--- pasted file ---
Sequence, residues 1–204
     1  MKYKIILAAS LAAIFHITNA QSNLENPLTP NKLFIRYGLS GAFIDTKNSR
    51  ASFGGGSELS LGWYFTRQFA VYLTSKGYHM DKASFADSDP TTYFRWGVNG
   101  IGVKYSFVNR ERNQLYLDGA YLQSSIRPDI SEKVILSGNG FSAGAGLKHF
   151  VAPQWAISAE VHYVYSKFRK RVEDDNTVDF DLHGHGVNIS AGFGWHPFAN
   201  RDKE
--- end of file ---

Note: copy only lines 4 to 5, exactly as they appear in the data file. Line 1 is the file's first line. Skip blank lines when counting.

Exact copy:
   101  IGVKYSFVNR ERNQLYLDGA YLQSSIRPDI SEKVILSGNG FSAGAGLKHF
   151  VAPQWAISAE VHYVYSKFRK RVEDDNTVDF DLHGHGVNIS AGFGWHPFAN